I'm not saying that City's Student Union doesn't have a responsibility to oppose "fascism and social divisiveness in the UK media", it absolutely does. We all do. But what we must do is debate. We must try to understand each other. We must not silence any one voice in the hopes that it'll go away if we ignore it long enough.
When in danger education deserves to be fought for. On Saturday, thousands of students and lecturers from up and down the UK will do just that. We will march through the capital in defence of post-16 education, and put forward, collectively, our vision of a free, liberated and accessible education for all, at any point in life. Tories are imposing funding cuts and area reviews on colleges. Job losses, ever growing student numbers, and shoe-string support budgets are the reality for a growing number of FE students. Add to that the previous governments scrapping of Education Maintenance Allowance and a very bleak image of colleges in the UK emerges.
If the UK government isn't going to protect its Universities, then it should hand over powers to the Scottish government so we can ensure they continue to gain the greatest benefit possible from our fantastic international students.
Just thinking about students' health for a moment, especially student mental health, there is evidence even among school pupils that exams are a major source of anxiety which can lead to ill-health. This is another important reason for re-examining the role of exams.
In this era of £9,000 fees and graduate repayments, students - and their parents - are understandably demanding more from universities and asking how their fees are being spent.
It is notoriously difficult to predict the technologies of the future: who can forget Tomorrow's World presenter Raymond Baxter confidently espousing the merits of paper underwear, or 'Whispering' Ted Lowe being forced to improvise by an uncooperative snooker-playing robot on the same programme?
During my five years campaigning, I have come to the conclusion that the most important thing that needs to happen is a shift in our cultural attitudes toward women and sex. Improved laws, better university policies, all of these things can help, but without broader changes in culture, we will always be fighting a losing battle.
Theresa May's government needs to work with the HE sector to decouple international students from the question of immigration. It should also listen to the British public and recognise that international students are very valuable, temporary visitors who make an enormous economic and cultural contribution to the UK.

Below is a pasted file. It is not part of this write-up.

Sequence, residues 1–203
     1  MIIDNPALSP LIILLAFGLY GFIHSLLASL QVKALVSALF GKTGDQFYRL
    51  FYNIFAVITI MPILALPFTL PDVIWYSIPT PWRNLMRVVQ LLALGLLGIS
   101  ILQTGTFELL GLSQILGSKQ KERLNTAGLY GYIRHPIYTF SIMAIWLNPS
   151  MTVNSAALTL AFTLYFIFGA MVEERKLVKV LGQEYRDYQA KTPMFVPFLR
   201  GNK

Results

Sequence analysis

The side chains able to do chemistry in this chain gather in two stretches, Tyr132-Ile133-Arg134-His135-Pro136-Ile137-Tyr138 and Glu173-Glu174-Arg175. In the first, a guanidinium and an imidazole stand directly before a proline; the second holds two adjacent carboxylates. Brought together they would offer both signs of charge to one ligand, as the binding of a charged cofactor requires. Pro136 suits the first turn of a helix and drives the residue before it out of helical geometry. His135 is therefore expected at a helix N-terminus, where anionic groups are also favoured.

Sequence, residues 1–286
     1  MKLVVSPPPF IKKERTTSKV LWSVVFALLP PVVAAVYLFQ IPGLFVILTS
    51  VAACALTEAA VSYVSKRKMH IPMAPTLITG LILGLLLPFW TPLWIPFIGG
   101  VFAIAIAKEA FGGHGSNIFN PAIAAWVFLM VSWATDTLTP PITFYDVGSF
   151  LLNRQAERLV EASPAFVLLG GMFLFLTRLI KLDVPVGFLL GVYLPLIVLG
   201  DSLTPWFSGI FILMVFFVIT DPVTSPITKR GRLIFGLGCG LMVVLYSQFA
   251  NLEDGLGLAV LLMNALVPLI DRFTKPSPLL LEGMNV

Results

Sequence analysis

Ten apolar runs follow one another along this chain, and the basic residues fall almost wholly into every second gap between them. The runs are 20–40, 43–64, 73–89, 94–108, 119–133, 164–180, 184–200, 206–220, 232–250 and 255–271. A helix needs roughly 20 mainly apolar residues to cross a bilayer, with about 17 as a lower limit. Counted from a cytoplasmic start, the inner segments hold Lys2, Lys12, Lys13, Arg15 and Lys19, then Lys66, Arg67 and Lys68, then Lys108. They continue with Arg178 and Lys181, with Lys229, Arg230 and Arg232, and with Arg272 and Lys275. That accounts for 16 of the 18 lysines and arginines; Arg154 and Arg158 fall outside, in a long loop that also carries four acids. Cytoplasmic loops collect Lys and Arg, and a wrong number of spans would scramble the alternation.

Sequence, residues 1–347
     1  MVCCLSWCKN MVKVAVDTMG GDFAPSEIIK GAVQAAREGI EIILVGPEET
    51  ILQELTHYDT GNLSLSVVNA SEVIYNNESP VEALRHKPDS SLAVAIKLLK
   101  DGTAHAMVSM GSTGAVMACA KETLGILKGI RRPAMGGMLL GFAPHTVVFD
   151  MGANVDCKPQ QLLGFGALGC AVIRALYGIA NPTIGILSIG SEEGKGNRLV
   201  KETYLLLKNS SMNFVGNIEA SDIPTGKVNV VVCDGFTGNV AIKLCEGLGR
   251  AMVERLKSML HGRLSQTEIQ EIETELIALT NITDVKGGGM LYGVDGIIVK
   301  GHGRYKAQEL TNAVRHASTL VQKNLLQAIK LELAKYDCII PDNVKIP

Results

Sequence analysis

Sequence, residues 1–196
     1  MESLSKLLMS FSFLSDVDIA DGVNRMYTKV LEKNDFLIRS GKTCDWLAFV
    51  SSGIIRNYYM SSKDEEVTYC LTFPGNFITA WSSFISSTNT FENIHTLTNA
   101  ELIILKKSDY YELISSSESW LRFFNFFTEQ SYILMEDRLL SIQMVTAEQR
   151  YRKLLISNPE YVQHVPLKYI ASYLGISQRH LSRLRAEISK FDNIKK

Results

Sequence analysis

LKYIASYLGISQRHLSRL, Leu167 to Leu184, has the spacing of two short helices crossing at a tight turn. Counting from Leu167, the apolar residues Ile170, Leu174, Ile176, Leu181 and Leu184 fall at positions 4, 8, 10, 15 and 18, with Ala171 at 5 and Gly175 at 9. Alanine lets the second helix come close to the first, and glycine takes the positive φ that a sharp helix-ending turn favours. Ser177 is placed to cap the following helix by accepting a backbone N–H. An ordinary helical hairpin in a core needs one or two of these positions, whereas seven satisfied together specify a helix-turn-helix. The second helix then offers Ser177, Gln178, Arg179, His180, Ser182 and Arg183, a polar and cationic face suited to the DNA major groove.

So AQA I ask you this, please explain to me what other A level subject does this? I do not want a scripted piece about your dedication to inclusive education, I want an A grade answer citing examples, comparing and contrasting your chosen subject to the Archaeology syllabus.
As a rule, I tend to the nitty-gritty of my daily life separate from my writing. But, a recent experience reminded me of an issue that doesn't really make it into the mainstream media nowadays - Brexit, Trump and Putin in Syria leave very little space for anything else. The issue is LGBT rights in immigrant and ethnic minority communities.
Durham is my home now, just like Istanbul was before, and Aleppo before that, I don't know where my journey will take me next but I just hope that when I return to Syria I will be able to contribute to a brighter future.
The majority of this strategy is aimed at the Muslim community. It has an alienating effect of a community already experiencing discrimination and rising hate crime. In the past, it would have been others and who knows who it might be used against in future. It is all entirely counter-productive. There is no evidence that it has prevented anything. It is time for a major review of the strategy and a fundamental rethink by Government.
When I first heard archaeology was to be scrapped at A-Level I was not only surprised, but devastated. This is a subject that teaches our students about what it is to be human. We learn about the material culture left by our ancestors from all over the world. We discuss the concepts of culture, politics, art, identity and we do so with an open mind. Even after several years of teaching the A-Level I still find new material that keeps me in awe.
Balancing lectures, essays and socializing with your health and fitness is tough - there's no two ways about it. But despite the copious alcohol on offer, and resulting late night trips to the kebab van, it is possible to stay in shape while you're at university. Here are six top tips for keeping on top of your fitness when you're studying!
When Amber Rudd recently announced that she would be continuing the purge of international students started by Theresa May, my heart sank. Brexit has already damaged universities and their ability to attract students and staff... To continue to include students in immigration targets would be to pursue an economically damaging, right wing ideology, based on dodgy evidence, against expert advice and without a mandate. Surely Brexit has enough of that already?
The news that the only exam board in England that still offers an A level in Art History has decided to drop the subject is a wake-up call to anyone in Britain who cares about culture. Since 1999 the number of students taking the subject has halved - from roughly 2,000 to less than 1,000 - partly because ever fewer schools teach it.